Rumours about the establishment of a ghetto had been circulating in Warsaw since the first months of the war, and were finally confirmed by a decision issued by the governor of the Warsaw district, Ludwig Fischer, at the beginning of October 1940.
The regulation was accompanied by a plan of the streets that would form part of the ghetto and at once constitute its borders. However, this differed from the arrangement of streets delineating the “typhus danger zone”, which had been published in August by the collaborationist press – “Nowy Kurier Warszawski” and “Gazeta Żydowska”. The previously proposed area between Bankowy Square and Senatorska and Bielańska streets, also including part of the Saski Garden, was excluded from the ghetto, which was expanded, however, by the incorporation of the Jewish cemetery and the vicinity of Okopowa Street. The walls that had been previously built on these streets and squares (among others in the Old Town) and which eventually were not located within the ghetto, were demolished. Before the gates of the enclave were closed for good, numerous corrections were made to its borders, with various streets and buildings passing from one zone to the other. This was due, among others, to economic factors (for example, the functioning on a given street of an industrial or manufacturing plant that could not be relocated) or simple logistics (if the placement of a wall would have made it difficult to access various institutions, for example, hospitals).
Emanuel Ringelblum, the chronicler of the ghetto, noted thus:
“Today, on 23 October, it was once again conveyed through a megaphone that Waliców and Ceglana streets had been excluded from the ghetto, and at the same time it turned out that information about the extension of the deadline from 31 October to 15 November was false. The people have lost their heads, they simply do not know where to move. No street is secure, for everywhere there is something that can put a given street in danger. Ulrich’s factory is located on Ceglana Street, and this has led to it being excluded from the ghetto”.
There were many more such changes, always entailing a hunt for new accommodation.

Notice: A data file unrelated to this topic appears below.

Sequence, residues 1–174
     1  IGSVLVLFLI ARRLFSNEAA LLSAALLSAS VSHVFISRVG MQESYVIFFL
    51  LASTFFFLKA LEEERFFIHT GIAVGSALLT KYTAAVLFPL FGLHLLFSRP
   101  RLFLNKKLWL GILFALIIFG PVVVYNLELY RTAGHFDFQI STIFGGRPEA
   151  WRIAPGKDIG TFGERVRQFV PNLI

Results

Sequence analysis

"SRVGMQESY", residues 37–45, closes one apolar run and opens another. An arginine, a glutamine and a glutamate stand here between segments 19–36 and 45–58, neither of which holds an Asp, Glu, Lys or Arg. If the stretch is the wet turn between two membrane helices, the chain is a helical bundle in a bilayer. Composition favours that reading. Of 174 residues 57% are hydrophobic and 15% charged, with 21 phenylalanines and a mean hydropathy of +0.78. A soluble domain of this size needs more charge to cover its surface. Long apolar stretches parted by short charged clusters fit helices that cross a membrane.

The ghetto was sealed off on 16 November 1940. Some 113,000 Poles were forced to leave the designated area, their placed being taken by 138,000 Jews who had previously lived in various other parts of Warsaw. The new district covered approximately four square kilometres, which accounted for less than three percent of the city’s then area. It was surrounded by a wall three metres high, which was additionally topped off with broken glass and at some points secured with barbed wire entanglements. Over the following months, the borders of the ghetto were changed. After the so-called Grossaktion, its size was cut down significantly.
Twenty-two guarded gates, each open in designated hours, led to the ghetto. In order to leave or enter the enclave, one had to obtain the requisite permit. Attempts to pass illegally entailed serious penalties – even death. Ludwik Hirszfeld reminisced:
“At the exits [the gates of the ghetto] there are guards, called wacha in the local jargon. These comprise several armed Germans, who look at the crowd with contempt, Polish policemen, and servile Jewish policemen who, when they fail to act with the required efficiency, get their faces smacked”.
The closure of the ghetto generated a multitude of emotions among its inhabitants. Some believed that although their living conditions would deteriorate and they would come to function in isolation from their former space and friends, they would still live relatively freely.